6. 6. Classes of Echinoderms <ul><ul><li>1) Class Asteroidea: ex: star fish (aka sea stars) </li></ul></ul><ul><ul><li>Often pentaradial, usually predatory </li></ul></ul><ul><ul><li>Creep along using tube feet </li></ul></ul><ul><ul><li>2) Class Ophuroidea: ex: brittle stars </li></ul></ul><ul><ul><ul><li>Largest group </li></ul></ul></ul><ul><ul><ul><li>Often pentaradial </li></ul></ul></ul><ul><ul><ul><li>Filter feeders or detritus feeders </li></ul></ul></ul><ul><ul><ul><li>Flexible arms </li></ul></ul></ul><ul><ul><li>3) Class Echinoidea: ex: sea urchins, sand dollars </li></ul></ul><ul><ul><li>Some with protective spines </li></ul></ul><ul><ul><li>Usually grazers (eat algae) </li></ul></ul>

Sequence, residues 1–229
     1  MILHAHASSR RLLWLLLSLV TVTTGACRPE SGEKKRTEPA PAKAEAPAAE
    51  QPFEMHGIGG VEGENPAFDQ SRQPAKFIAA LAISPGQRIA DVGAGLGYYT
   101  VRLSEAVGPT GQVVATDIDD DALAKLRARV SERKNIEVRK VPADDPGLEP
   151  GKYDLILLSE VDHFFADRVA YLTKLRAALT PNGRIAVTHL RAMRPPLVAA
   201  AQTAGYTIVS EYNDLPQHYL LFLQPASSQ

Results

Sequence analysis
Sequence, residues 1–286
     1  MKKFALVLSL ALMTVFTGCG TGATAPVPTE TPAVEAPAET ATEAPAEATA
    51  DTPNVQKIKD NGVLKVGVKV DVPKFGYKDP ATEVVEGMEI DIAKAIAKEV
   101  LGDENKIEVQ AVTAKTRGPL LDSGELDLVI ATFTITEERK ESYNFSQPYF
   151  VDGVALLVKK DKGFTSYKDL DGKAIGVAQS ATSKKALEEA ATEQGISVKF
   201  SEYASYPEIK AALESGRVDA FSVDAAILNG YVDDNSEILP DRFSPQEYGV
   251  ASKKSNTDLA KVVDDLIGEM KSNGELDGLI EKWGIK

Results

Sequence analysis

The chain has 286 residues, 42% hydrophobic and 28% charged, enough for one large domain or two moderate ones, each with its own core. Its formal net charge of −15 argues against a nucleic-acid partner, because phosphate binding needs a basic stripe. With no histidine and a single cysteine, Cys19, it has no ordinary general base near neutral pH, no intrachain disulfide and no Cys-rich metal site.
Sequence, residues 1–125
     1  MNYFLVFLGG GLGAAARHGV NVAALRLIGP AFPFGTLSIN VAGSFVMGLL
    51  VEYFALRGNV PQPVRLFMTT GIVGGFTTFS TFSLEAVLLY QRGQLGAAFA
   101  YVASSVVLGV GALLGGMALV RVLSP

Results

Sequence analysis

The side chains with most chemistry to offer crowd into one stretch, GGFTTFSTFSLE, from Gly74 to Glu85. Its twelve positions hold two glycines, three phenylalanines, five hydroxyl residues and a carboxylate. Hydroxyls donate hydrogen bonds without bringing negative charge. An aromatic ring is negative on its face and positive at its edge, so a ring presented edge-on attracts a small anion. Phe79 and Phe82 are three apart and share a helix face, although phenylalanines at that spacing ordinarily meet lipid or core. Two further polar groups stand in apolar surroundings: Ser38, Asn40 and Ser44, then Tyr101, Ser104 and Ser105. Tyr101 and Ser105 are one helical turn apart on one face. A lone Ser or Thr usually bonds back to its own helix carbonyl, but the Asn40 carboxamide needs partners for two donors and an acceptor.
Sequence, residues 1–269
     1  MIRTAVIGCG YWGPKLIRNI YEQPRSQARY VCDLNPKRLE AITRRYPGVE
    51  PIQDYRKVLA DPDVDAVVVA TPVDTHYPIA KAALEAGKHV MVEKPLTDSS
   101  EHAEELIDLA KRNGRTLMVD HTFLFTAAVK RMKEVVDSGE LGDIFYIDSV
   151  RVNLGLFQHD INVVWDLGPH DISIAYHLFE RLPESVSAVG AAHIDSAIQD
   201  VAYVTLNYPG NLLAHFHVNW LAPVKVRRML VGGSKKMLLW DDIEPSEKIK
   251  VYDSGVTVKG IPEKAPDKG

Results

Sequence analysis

7. 7. Classes of Echinoderms <ul><ul><li>4) Class Holothuroidea: ex: sea cucumbers </li></ul></ul><ul><ul><li>Usually detritus feeders (aka scavengers) </li></ul></ul><ul><ul><li>Radial symmetry </li></ul></ul><ul><ul><li>Often live in ‘herds’ on ocean floor </li></ul></ul><ul><ul><li>5) Class Crinoidea: ex: sea lilies and feather stars </li></ul></ul><ul><ul><li>Long, feathery arms </li></ul></ul><ul><ul><li>Sessile </li></ul></ul><ul><ul><li>Filter feeders </li></ul></ul><ul><ul><li>Rare today but lots of fossils of them </li></ul></ul>